Evers, Holtz, Offer Real Clash On Issues
Incumbent state superintendent and challenger have fierce disagreements.
The April 4 vote to elect the next superintendent of public instruction is a referendum on many issues: U.S. Education Secretary Betsy DeVos, school choice, the widest learning gap in the nation between white and African-American children, and Act 10.
Evers got 69 pecent of the statewide vote in the Feb. 21 primary; Holtz, 23 percent, and consultant John Humphries, of Dodgeville, 7 percent. Holtz and Humphries ended the primary in a “liar, liar” mud fight over whether they ever conspired to have the one who beats Evers hire the other one.
But, If you think that blowout primary victory means Evers can slow walk to victory April 4, think again. Third-party independent spending that demonizes one candidate – Evers – in a low-turnout spring election can make anything close. And Evers’s biggest statewide ally, the Wisconsin Education Association (state teachers union), is a shell of what it was in 2010.
Evers and Holtz disagree on many issues:
*DeVos: In a WisconsinEye interview, Evers said he is “more qualified” to be U.S. education secretary than DeVos, who never attended a public school and whose family has spent hundreds of millions of dollars trying to privatize public education. The U.S. education secretary has a “bully pulpit” to help the nation’s school children, but DeVos won’t be a “bully pulpit for all kids,” Evers added.
Holtz praised DeVos, calling her a “passionate” champion of local control for schools. And, DeVos could push for more federal aid to schools – public and private – that Wisconsin would welcome, Holtz added.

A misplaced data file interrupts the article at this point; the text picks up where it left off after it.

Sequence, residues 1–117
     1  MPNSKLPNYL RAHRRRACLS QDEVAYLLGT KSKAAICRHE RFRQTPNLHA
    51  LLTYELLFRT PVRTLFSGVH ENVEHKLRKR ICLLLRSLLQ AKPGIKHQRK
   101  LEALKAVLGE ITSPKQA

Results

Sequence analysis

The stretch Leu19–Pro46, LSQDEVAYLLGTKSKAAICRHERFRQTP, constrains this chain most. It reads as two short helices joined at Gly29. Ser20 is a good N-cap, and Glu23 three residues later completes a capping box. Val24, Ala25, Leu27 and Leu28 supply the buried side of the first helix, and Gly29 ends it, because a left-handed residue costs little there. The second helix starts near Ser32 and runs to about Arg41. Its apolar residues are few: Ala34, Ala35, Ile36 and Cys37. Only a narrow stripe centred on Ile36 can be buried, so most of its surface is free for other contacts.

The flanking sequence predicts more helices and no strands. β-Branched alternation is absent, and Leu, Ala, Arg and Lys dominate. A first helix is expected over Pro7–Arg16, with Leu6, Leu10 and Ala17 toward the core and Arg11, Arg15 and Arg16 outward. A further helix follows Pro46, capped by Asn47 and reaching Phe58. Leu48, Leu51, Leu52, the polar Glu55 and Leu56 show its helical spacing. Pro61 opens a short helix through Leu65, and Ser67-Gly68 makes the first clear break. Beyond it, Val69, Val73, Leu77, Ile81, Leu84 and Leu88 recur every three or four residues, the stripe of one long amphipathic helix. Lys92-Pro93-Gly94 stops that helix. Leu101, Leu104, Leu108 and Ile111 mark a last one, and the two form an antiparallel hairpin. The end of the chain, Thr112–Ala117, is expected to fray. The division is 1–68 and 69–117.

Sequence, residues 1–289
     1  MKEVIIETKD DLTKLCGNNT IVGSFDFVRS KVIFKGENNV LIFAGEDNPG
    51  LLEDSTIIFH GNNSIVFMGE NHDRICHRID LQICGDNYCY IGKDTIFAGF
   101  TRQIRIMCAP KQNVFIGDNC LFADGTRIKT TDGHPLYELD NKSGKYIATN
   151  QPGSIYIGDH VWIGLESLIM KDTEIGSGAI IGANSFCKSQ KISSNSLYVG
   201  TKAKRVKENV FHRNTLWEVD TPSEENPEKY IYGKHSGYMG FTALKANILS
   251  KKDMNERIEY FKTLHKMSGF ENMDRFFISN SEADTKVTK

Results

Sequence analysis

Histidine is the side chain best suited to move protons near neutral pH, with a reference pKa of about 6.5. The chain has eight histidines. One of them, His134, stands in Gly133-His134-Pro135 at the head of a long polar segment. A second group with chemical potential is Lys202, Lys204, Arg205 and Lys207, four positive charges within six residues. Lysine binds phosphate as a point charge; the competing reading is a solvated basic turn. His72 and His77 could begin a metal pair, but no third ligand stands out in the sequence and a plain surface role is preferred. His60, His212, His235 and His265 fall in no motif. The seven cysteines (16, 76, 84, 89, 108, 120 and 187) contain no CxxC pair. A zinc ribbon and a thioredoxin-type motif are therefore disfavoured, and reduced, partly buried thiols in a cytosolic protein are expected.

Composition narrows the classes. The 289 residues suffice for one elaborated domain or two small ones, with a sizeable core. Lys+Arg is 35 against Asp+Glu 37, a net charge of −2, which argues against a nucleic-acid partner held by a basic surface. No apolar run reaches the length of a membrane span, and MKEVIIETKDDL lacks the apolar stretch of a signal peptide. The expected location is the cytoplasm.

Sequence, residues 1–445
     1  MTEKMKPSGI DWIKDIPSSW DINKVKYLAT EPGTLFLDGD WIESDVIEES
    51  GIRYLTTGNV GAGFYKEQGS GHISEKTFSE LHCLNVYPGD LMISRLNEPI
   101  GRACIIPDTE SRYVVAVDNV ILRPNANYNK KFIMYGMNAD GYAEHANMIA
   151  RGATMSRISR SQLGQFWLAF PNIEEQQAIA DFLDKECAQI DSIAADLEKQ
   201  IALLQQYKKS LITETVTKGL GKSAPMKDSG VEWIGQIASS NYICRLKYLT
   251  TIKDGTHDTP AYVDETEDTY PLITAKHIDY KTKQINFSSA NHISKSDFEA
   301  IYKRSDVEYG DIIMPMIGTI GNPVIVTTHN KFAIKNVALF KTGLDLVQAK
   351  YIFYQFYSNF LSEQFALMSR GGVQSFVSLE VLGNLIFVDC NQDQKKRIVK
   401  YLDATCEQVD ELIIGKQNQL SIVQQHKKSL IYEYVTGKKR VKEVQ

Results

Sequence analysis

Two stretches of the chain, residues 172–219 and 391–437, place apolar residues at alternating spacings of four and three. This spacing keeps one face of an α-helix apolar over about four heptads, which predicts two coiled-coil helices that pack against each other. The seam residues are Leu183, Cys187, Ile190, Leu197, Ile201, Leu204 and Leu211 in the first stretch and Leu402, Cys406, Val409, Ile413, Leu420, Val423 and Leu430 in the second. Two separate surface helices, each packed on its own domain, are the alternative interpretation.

*School Choice: No state government program has grown faster than the school choice or vouchers program. It began in the 1990-91 school year when 300 low-income Milwaukee children attended seven private, non-religious schools at state expense. In 1995, Milwaukee’s Parental Choice Program was opened to church schools. This year, 30,541 students statewide – 27,302 in Milwaukee; 2,464 in Racine, and 2,993 statewide – attend private schools with state-issued vouchers. According to the Legislative Fiscal Bureau, private schools with the largest enrollments are Hope Christian schools, 2,185; Saint Anthony School, 1,931, and Messmer Catholic Schools, 1,642.
The cost of the vouchers has also exploded – from $1.4 million in 1990-91 to $244 million this year, including both direct state aid and property taxes school districts levy to make up for lost aid.
Holtz said he wants unlimited “free-market competition” between public and private schools and he would have “no problem” if all income limits on voucher families were dropped, opening it to every family. Wisconsin cannot have too much school choice, Holtz added, noting that his father started a Milwaukee choice school after retiring as a Milwaukee police officer.
*Black-white achievement gap: In a WisconsinEye interview, Holtz called the failure of Evers’s Department of Public Instruction to close the learning gap between white and black children the “very epitome of institutionalized racism.”
As Beloit superintendent, Holtz said he worked with school administrators, business leaders and parents to dramatically increase what had been the dismal graduation rates and test scores of African-American students.
Evers bristled at Holtz’s criticism, saying DPI officials “spend a lot of time talking about race” – probably more than they spend talking the impact of poverty on learning, Evers said.
“We have called (race) out,” Evers added. “We’re taking it on.”
*Act 10: Holtz said the package of 2011 changes that all but wiped out collective bargaining and made teachers and other public employees pay more for health care and pensions has worked well. As Beloit superintendent, Act 10 meant Holtz didn’t have “to lay anybody off.”
Evers opposed Act 10, then and now. He is irked that only districts that require employees to pay 12 percent of health-care costs will qualify for a $200-per-pupil increase in state aid next year.
That change, Evers added, continues the anti-teacher and “pound of flesh” mentality of Act 10.